For many people, Barcelona is still considered as "the rebellious club", or the alternative pole to "Real Madrid's conservatism".[28][29] According to polls released by CIS (Centro de Investigaciones Sociológicas), Real Madrid is the favorite team of most of the Spanish residents, while Barcelona stands in the second position. In Catalonia, forces of all the political spectrum are overwhelmingly in favour of Barcelona. Nevertheless, the support of the blaugrana club goes far beyond from that region, earning its best results among young people, sustainers of a federal structure of Spain and citizens with left-wing ideology, in contrast with Real Madrid fans which politically tend to adopt right-wing views.[30][31]

1943 Copa del Generalísimo semi-finals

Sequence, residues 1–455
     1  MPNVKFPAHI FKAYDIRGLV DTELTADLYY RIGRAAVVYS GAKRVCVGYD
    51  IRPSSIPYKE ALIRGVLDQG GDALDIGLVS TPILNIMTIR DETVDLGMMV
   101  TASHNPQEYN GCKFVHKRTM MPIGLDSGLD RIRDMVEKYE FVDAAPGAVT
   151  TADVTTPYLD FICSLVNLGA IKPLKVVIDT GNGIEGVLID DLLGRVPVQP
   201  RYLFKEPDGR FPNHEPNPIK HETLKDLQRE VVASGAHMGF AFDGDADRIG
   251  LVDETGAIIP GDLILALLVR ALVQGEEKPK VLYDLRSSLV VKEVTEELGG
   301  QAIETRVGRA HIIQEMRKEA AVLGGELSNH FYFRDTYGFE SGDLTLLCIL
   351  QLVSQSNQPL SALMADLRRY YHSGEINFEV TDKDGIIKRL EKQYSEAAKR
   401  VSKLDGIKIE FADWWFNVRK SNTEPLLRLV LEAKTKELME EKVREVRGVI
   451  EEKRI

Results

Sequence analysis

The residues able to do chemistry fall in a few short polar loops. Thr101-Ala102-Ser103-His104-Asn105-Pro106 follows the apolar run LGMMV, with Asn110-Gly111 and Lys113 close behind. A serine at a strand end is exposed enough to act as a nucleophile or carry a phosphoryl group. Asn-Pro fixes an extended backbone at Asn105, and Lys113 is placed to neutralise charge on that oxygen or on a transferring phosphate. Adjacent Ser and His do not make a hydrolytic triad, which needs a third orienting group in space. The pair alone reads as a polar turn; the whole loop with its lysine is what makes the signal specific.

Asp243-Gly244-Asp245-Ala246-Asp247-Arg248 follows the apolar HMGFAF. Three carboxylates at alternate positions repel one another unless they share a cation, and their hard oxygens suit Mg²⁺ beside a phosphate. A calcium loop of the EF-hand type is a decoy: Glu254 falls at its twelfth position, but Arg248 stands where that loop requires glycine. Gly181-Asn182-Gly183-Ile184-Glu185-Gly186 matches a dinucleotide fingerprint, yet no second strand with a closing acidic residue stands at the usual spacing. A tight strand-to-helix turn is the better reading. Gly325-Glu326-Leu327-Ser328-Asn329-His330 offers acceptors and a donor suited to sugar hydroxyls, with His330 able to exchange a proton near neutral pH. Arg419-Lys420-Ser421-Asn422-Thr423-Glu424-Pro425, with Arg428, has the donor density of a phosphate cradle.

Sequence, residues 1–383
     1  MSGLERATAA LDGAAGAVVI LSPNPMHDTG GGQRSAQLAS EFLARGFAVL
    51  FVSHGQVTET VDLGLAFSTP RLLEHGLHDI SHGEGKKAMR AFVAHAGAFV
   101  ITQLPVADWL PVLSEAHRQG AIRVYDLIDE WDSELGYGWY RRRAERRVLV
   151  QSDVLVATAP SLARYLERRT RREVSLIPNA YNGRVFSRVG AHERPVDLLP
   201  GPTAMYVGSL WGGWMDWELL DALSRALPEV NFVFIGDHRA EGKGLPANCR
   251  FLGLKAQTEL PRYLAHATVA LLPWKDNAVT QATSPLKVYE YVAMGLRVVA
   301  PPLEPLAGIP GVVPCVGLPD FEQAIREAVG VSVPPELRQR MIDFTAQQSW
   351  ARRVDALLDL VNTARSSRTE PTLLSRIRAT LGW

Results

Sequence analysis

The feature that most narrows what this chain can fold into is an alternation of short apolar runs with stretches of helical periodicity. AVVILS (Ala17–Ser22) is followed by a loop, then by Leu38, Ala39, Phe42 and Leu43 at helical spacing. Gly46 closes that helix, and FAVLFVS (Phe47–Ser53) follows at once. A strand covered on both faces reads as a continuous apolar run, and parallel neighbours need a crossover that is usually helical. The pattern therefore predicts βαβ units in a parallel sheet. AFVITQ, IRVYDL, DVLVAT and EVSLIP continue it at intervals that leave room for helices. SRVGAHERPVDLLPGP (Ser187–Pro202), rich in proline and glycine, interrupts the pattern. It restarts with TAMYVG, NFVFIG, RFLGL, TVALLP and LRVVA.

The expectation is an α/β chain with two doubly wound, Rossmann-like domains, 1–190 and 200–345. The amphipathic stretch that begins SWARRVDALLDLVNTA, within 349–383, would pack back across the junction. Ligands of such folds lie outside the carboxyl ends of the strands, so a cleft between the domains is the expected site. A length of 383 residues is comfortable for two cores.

On 13 June 1943, Real Madrid beat Barcelona 11–1 at the Chamartín in the second leg of the Copa del Generalísimo semi-finals (the Copa del Presidente de la República[32] having been renamed in honour of General Franco).[33] The first leg, played at the Les Corts in Catalonia, had ended with Barcelona winning 3–0. Madrid complained about all the three goals that referee Fombona Fernández had allowed for Barcelona,[34] with the home supporters also whistling Madrid throughout, whom they accused of employing roughhouse tactics, and Fombona for allowing them to. Barça’s Josep Escolà was stretchered off in the first half with José María Querejeta’s stud marks in his stomach. A campaign began in Madrid. The newspaper Ya reported the whistling as a "clear intention to attack the representatives of Spain."[35] Barcelona player Josep Valle recalled: "The press officer at the DND and ABC newspaper wrote all sorts of scurrilous lies, really terrible things, winding up the Madrid fans like never before". Former Real Madrid goalkeeper Eduardo Teus, who admitted that Madrid had "above all played hard", wrote in a newspaper: "the ground itself made Madrid concede two of the three goals, goals that were totally unfair".[36]